The testing officer will give you simple, clear instructions during the test (eg. at the next street, turn right). You must follow their instructions and show that you can drive safely and efficiently. If you’re unsure of an instruction, ask for it to be repeated.

Part two may include:

  • Driving in busy traffic
  • Changing lanes
  • Merging with other traffic
  • Driving on straight and curved roads.

If you do anything unsafe, the drive test will be stopped and you will fail. Read more about how your driving is assessed.

Feedback about your results
The licence testing officer will give you feedback whether you pass or fail. You will be told if there are areas of your driving that need improvement.

If you fail, this feedback could help you in your next attempt. If you didn’t do well on one or two aspects of the test, you will know which areas to focus on and practice before your next attempt.  If you pass, this feedback will help you to become a safer driver.

Causes of failing could include:

Feedback like this suggests that you need more practice. People develop safe driving skills at different rates. Some learners need more practice than others before they are ready for the test.

Eligibility to qualify for a Victorian driver licence

The requirement to change your overseas driver licence to a Victorian driver licence depends on whether your stay in Victoria is temporary or permanent.

If you are in Victoria on a temporary visa, you can drive on your overseas driver licence for as long as it is current providing it is in English or accompanied by an English translation or International Driving Permit. There is no requirement to get a Victorian driver licence.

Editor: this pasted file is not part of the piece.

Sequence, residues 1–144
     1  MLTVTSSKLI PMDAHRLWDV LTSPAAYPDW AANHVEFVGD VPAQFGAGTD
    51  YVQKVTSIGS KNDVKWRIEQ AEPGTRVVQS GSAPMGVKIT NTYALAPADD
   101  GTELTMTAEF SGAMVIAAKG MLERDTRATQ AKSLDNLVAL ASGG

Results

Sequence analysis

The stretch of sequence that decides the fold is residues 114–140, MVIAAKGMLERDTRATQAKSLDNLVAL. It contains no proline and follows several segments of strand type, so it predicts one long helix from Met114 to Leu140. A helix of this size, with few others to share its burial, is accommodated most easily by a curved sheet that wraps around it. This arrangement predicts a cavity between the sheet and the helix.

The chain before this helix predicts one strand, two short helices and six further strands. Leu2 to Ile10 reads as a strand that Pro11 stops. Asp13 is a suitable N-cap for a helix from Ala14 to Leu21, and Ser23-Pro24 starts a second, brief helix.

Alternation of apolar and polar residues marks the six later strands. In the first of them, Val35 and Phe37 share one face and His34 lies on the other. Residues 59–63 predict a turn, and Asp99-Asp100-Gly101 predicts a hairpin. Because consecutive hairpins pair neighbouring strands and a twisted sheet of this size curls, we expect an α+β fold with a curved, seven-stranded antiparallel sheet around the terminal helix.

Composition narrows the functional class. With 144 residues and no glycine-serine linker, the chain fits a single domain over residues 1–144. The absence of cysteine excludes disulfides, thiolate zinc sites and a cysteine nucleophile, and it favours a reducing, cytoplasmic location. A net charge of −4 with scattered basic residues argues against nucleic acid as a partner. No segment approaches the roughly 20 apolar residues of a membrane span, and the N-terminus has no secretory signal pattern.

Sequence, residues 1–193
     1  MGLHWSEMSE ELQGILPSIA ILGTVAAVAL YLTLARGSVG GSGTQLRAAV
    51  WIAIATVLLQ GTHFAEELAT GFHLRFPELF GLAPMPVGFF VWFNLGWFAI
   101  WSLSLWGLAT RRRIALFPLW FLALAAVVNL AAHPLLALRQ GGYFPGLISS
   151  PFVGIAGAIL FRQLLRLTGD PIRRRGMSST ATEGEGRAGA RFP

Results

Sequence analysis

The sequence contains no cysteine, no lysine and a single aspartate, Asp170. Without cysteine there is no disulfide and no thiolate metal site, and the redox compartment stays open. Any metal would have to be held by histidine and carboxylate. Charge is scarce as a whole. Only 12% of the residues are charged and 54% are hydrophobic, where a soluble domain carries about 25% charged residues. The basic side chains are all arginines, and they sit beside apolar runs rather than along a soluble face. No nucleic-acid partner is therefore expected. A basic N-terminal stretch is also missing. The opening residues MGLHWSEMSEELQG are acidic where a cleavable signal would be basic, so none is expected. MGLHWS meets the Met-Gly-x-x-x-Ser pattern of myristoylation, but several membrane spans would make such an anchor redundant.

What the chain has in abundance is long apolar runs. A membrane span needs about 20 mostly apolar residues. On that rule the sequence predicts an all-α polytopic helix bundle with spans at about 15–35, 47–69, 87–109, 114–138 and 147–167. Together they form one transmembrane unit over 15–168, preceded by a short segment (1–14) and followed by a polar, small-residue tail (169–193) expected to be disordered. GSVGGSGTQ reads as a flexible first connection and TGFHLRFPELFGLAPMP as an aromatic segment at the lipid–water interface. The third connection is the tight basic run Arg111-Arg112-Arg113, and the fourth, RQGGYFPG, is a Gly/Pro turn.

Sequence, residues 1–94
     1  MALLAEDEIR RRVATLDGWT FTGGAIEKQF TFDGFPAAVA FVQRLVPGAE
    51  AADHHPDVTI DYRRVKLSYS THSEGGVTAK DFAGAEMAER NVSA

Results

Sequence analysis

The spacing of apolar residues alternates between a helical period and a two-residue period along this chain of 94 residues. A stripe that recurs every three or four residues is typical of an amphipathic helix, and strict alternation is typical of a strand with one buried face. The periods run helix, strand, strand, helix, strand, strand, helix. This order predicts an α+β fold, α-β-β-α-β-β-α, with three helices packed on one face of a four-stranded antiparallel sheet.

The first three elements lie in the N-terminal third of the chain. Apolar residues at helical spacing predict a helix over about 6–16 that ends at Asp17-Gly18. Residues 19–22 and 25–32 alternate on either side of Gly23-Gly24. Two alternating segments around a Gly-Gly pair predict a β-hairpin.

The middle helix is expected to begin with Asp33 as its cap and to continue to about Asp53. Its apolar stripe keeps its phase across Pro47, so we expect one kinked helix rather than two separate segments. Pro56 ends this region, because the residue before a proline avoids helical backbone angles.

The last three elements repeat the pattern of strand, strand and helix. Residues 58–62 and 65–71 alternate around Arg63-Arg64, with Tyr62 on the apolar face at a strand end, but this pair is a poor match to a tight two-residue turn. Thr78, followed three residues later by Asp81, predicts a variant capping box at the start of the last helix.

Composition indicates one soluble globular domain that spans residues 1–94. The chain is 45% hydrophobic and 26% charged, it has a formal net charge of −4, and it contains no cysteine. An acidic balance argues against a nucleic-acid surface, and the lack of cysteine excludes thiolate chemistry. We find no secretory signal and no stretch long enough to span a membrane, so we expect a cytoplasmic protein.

If you have entered Victoria on a permanent visa issued under the Migration Act 1958, you may drive on your overseas driver licence for:

  • six months from the date you first entered Australia if the permanent visa was issued before you entered Australia; or,
  • six months from the date when the permanent visa was issued to you if the permanent visa was issued to you whilst in Australia.

If you want to continue driving in Victoria after this time you must change your overseas licence to a Victorian driver licence.

New Zealand residents who hold a current licence are treated as interstate drivers.

Eligibility to qualify for a Victorian licence
Victorian full driver licence
To obtain a Victorian full driver licence you must:

  • be 21 years of age or older; and
  • hold an overseas full driver licence; or
  • have held an overseas probationary driver licence for at least three years from your 18th birthday (you must provide evidence).

Your overseas driver licence must be current or not expired by more than five years. Any period where you have been suspended or disqualified from driving is excluded when calculating the period of time you have held a licence.

Victorian probationary driver licence
To obtain a Victorian probationary driver licence you must be at least 18 years of age. No exemptions apply.